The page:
29SeptemberSixth Form Lecture
Alexander Mackinnon Read more.
1OctoberNational Poetry Day
Two years after the foundation of the first Girls' Public Day School Trust in 1873, Laura Lady Buchan, gave ￡1,000 to promote a 'higher class female education' in the Isle of Man. Her plan was vigorously promoted by Sir James and Lady Gell, supported by the trustees of King William's College and on 14 October 1878 Miss Louisa Moss, the first headmistress, welcomed 17 girls to Castletown High School for Girls in Stanley House, Castle Street.
When Miss Dawson arrived 30 years later in 1908 there were just nine pupils. Frequent changes of staff and premises and lack of endowment had brought the School to the brink of closure, but Miss Dawson's 11 years as headmistress turned around its fortunes. She took the School into new premises on the Green, developed a modern, liberal curriculum and saw day and boarding numbers rise ten-fold. Her achievements were matched by Miss Matthew; during her f15years of service the School became a direct grant foundation, supported by the Isle of Man Council of Education, and became known as The Buchan School.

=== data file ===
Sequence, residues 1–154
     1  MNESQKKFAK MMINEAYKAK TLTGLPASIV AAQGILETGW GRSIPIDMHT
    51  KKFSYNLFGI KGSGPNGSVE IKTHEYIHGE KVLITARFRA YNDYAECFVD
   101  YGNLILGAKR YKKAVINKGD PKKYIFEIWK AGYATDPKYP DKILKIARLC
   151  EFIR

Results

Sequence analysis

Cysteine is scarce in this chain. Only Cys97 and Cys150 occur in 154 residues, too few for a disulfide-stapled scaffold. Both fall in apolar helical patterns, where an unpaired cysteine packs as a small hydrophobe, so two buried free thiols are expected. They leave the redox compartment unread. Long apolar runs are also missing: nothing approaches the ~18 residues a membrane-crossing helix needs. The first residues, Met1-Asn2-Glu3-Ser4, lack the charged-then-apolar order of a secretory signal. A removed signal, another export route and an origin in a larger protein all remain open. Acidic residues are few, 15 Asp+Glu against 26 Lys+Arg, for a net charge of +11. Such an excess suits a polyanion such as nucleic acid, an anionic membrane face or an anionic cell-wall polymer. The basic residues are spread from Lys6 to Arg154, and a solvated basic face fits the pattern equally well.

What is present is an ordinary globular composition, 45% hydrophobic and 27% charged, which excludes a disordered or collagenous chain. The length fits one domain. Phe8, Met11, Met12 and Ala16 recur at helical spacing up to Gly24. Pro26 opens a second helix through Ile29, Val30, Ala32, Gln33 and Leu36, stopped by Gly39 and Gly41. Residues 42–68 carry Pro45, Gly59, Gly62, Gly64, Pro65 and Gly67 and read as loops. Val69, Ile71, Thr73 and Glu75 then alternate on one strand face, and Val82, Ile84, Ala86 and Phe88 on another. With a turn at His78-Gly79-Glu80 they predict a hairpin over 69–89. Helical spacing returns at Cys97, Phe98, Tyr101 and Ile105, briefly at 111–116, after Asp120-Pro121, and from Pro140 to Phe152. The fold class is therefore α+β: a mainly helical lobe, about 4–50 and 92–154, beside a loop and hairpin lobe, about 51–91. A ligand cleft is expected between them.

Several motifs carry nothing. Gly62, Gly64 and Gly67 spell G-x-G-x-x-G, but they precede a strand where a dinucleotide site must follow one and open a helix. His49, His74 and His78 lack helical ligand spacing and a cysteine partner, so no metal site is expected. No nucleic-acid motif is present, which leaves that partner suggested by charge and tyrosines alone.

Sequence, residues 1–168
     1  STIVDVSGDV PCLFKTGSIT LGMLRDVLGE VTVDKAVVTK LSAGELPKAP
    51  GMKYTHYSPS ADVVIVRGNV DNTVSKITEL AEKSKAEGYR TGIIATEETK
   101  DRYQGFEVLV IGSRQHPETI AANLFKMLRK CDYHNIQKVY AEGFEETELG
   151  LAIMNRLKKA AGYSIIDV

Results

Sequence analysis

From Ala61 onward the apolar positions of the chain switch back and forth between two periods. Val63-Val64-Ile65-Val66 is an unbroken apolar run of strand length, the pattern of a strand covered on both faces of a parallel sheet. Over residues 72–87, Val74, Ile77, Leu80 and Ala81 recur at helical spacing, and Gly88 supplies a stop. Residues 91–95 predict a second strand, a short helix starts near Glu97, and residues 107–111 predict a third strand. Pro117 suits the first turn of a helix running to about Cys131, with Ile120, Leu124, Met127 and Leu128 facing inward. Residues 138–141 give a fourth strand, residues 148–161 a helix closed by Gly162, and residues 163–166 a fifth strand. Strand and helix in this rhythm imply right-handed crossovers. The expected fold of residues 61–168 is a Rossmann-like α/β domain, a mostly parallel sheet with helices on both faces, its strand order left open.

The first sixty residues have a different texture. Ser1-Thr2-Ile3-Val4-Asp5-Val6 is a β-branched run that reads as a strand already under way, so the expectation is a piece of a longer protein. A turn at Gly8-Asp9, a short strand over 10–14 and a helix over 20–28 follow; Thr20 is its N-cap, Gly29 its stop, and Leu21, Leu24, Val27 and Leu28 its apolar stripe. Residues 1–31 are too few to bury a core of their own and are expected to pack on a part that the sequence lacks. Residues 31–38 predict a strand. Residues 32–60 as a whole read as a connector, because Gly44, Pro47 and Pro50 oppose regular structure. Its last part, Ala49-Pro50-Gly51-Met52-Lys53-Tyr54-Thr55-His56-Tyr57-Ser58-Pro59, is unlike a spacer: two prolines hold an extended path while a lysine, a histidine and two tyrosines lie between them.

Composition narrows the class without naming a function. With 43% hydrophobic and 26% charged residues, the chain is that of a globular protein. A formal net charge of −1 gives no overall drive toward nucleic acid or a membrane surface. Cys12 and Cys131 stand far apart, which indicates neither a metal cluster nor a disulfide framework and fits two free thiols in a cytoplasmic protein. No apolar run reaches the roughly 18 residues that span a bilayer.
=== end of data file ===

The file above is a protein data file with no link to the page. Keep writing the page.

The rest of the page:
In 1935 Miss Matthew's successor, Miss Tregear, found the school once again facing gloomy prospects, but with energy and ingenuity she guided it safely through the turbulent war years. Although Tynwald rejected proposals for a new building to replace the increasingly inadequate premises at Bowling Green Road, timely help came in 1940 when Sir Mark Collett gave ￡4,000 from the Ballamanagh Trust for the purchase of Westhill as a home for the growing number of boarders.
A period of remarkable and imaginative development began in 1960 with the appointment of Mrs Jessica Watkin to lead the school. During seventeen years of distinguished service she rebuilt the curriculum, raised the roll to 355, of whom 92 were boarders, and facilitated the consolidation of the whole School in modern premises at Westhill.
From 1977 the future was overshadowed by the Isle of Man Board of Education's decision to offer only 15 more years of direct grant funding. The School had no endowment to draw on, and consequently in 1991 The Buchan School and King William's College amalgamated to form one independent foundation.
Today The Buchan School at Westhill is the King William's College junior school for boys and girls aged 4-11.
They learn, they have fun, they always want to go back. children love this school.James P